Seattle Real Estate Market Review

Screen Shot 2014-04-22 at 1.39.41 PMJanuary home prices in Seattle down 0.8 percent:

Home prices in the Seattle metro area dipped for the fourth month in a row in January, in line with a nationwide decrease, according to the S&P/Case-Shiller 20-city index released Tuesday. The average price of existing single-family homes in King, Snohomish and Pierce counties dropped 0.8 percent from the previous month, after a 0.5 dip in December. By comparison, the 20-city index dropped 0.1 percent in January, as it did the previous two months.

Source: The Seattle Times, March 25, 2014

Home price rising more slowly, but for-sale signs remain scarce:

The median price of single-family homes in King County rose in March to $414,950, an increase of 6 percent from a year ago, the Northwest Multiple Listing Service said Thursday. Prices surged in Snohomish and Pierce counties: The median price rose 9 percent to $314,975 in Snohomish, and 13 percent to $230,000 in Pierce. A continuing tight inventory of homes for sale kept pressure on prices. “Everyone’s waiting for the spring bounce in listings,” said Seattle economist Matthew Gardner.

Source: The Seattle Times, April 3, 2014

Rising rents, rising towers push out tenants of modest means:

When a developer demolishes the century-old Williamsburg Court Apartments in downtown Seattle this year, 49 households will have to find new homes. They include a high-school math teacher, hotel concierge, classical trumpeter, restaurant manager, theater coordinator, a writer and two executive chefs. Across the street at the high-rise apartment tower Aspira, a one-bedroom unit starts at just under $2,000 — more than twice what many residents pay at the three-story Williamsburg Court.

Source: The Seattle Times, April 5, 2014

Severe inventory shortage sends Seattle-area housing prices higher:

Homeowners, if you’re thinking about selling, real estate agents have a message for you: Get off the dime already. A report from the Northwest Multiple Listing Service on Thursday said housing prices in the metro Puget Sound area rose in March compared with a year ago. The main reason is an inventory shortage. The listing service said that in King County, there’s only a 1.8-month supply of houses and condos for sale. Industry analysts say a four- to six-month supply is needed for a balanced market.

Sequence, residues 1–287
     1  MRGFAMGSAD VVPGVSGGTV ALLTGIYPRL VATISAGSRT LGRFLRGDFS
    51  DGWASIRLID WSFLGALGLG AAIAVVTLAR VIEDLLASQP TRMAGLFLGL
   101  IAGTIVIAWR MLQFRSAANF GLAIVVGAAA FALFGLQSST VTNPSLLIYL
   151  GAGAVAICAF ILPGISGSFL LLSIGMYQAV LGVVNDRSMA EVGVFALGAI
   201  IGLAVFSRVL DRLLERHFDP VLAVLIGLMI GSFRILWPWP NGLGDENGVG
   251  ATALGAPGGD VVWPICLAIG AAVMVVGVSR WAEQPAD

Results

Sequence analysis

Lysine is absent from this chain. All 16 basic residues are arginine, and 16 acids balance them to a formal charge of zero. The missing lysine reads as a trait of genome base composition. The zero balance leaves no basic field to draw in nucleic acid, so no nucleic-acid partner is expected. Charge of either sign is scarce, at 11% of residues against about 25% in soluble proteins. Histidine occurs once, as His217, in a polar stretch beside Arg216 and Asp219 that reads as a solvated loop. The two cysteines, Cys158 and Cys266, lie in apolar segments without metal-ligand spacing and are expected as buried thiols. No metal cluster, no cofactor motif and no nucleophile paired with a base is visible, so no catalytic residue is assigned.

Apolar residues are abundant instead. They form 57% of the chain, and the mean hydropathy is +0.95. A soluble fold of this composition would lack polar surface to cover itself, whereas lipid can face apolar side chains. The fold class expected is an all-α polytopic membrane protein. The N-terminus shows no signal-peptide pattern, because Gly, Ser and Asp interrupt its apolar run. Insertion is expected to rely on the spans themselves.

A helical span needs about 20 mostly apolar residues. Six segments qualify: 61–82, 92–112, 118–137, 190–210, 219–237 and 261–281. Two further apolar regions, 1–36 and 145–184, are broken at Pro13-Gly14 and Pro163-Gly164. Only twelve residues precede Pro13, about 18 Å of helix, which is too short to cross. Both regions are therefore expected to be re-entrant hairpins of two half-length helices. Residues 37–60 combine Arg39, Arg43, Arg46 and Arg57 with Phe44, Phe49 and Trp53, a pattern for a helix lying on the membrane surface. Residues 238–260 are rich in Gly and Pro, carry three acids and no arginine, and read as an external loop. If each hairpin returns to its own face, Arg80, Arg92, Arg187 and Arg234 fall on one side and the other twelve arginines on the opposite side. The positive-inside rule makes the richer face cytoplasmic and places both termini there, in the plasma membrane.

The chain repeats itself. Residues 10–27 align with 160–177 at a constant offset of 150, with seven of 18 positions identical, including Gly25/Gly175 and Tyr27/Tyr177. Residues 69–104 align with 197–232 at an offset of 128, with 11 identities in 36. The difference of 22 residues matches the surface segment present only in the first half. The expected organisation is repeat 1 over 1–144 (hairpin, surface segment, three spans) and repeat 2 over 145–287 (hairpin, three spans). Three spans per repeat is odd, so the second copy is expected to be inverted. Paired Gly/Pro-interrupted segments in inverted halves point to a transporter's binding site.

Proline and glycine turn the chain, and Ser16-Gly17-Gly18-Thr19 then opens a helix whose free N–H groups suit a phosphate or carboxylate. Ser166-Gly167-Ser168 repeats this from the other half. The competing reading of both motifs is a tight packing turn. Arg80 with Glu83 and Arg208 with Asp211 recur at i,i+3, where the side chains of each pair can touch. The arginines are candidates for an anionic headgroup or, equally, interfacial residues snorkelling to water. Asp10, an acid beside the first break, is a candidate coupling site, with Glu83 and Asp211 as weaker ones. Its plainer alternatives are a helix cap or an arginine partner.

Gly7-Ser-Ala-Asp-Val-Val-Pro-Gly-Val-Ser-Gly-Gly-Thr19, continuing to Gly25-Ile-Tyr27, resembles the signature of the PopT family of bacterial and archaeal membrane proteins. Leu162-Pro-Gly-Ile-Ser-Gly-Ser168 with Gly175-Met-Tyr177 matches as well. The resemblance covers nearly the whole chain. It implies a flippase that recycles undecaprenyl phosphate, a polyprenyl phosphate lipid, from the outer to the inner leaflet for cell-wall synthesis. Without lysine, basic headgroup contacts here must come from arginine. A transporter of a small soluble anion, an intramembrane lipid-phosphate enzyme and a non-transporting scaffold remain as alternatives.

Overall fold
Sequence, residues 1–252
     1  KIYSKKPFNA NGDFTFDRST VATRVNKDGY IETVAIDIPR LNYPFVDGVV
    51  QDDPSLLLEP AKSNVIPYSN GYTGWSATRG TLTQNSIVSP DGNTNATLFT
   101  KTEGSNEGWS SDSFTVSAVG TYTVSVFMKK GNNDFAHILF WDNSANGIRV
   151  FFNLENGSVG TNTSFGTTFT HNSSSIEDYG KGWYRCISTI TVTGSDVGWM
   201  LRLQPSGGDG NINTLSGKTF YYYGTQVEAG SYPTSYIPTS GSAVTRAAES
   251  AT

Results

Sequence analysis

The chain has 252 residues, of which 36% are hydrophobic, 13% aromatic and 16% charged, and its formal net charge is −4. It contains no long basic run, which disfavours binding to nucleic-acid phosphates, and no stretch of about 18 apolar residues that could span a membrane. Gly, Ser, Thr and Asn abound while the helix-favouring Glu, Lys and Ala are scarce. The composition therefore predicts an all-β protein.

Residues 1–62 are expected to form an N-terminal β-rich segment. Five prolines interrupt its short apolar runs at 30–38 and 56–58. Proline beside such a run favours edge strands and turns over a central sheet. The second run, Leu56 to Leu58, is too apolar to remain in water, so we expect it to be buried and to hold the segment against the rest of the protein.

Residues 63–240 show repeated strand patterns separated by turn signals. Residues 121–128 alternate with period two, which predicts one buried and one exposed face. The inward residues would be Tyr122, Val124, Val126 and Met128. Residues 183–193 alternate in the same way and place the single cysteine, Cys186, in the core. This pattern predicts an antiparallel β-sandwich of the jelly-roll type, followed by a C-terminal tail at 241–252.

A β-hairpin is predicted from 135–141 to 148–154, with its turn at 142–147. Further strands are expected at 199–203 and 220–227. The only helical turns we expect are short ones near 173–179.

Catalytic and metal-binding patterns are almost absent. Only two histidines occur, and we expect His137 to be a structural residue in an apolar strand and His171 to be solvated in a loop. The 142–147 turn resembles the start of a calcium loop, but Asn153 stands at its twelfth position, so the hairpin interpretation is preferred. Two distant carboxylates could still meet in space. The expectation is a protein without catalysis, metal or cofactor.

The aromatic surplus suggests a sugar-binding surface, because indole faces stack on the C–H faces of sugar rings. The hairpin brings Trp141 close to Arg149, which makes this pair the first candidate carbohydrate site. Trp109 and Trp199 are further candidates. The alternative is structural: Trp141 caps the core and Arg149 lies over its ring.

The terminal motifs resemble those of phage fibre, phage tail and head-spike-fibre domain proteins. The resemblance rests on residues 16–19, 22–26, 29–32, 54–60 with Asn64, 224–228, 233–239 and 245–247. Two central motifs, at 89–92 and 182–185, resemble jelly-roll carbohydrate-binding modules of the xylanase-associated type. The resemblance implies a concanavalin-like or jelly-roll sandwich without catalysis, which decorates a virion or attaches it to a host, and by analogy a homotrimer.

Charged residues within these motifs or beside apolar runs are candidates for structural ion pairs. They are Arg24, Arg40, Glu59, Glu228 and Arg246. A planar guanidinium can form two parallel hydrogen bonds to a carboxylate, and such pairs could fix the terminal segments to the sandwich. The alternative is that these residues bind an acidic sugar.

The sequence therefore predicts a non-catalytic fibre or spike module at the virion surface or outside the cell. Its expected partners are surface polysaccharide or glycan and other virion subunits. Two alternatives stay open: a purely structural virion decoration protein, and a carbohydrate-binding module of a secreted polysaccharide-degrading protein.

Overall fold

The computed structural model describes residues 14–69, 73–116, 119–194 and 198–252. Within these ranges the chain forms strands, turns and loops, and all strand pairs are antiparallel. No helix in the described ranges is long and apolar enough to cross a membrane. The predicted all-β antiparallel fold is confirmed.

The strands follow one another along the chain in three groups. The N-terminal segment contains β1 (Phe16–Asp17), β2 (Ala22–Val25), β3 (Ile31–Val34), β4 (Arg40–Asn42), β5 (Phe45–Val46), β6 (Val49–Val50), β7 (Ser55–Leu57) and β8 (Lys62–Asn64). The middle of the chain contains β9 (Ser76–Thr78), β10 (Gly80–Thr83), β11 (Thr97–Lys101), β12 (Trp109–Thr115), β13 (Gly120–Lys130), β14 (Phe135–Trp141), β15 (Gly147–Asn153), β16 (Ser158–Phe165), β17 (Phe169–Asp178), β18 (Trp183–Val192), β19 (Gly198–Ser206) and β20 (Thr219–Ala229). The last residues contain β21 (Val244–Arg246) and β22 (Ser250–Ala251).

Source: Puget Sound Business Journal, April 3, 2014

2 Puget Sound-area neighborhoods on ‘green’ homes list:

Two Puget Sound communities have been named to a list of the top 10 U.S. neighborhoods that have the largest number of “green” homes. Downtown Bellevue was fourth on the list, with 36 percent of its residential home listings having green features, and Seattle’s Columbia City neighborhood was No. 8 on the list, with 30 percent of its residential listings having green features.

Source: Puget Sound Business Journal, April 17, 2014

Biking in Seattle



Washington No. 4 Among Fastest Growing State Economies

increaseWashington is outpacing most states on growing its economy, thanks in part to international trade.

Using figures from the Bureau of Economic Analysis, a researcher at a federal policy organization ranked Washington 4th among states with the fastest-growing economies.  North Dakota tops the list, followed by Texas and Oregon.

U.S. gross domestic product (GDP) grew by 2.5 percent in 2012, up from 1.6 percent in 2011. By comparison, Washington’s GDP growth for 2012 was 3.6 percent.

“Washington has made considerable efforts to become a major exporter,” noted Jared Bernstein, a senior fellow at the Center on Budget and Policy Priorities. This has allowed the state to become less dependent on U.S. consumers and companies for business, and to “be nimble enough to take products to where the growth is,” he remarked.

In addition to exports, Washington’s information sector contributed nearly one-third of its GDP growth in 2012, the most of any state. The sector accounted for 9 percent of GDP in 2012, also the most of any state. However, information sector employment has been flat in recent years, with no employment growth recorded in 2012.

Robust grown in Texas and North Dakota was attributed in large part to energy production.

On both federal and state levels, the nonprofit Center on Budget and Policy Priorities conducts research and analysis on budget and tax policies, and works on fiscal policy and public programs that affect low- and moderate-income families and individuals.

Discover Seattle: The Emerald City

Seattle Great Wheel headerWith its natural beauty and laid-back vibe, Seattle offers a quality of life rarely matched by other cities. While its riches have morphed from timber and gold to aircraft and technology, its pioneering spirit lives on.

Seattle’s Coffee Culture

Did you know Seattle has 10 times more coffee shops per 100,000 residents than the United States has overall? Seattle is the world center for coffee roasting. By the time my daughter was ten, she could order a drink with every box checked off!